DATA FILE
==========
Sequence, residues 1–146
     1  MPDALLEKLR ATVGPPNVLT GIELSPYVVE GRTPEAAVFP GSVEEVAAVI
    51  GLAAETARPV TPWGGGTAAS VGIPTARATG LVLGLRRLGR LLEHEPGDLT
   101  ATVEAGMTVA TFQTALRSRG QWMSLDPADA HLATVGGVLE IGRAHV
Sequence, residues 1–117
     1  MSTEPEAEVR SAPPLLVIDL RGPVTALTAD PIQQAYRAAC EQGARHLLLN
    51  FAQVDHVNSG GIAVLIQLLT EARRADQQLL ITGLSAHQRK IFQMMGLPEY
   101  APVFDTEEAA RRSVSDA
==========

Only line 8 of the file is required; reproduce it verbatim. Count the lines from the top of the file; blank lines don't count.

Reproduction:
   101  APVFDTEEAA RRSVSDA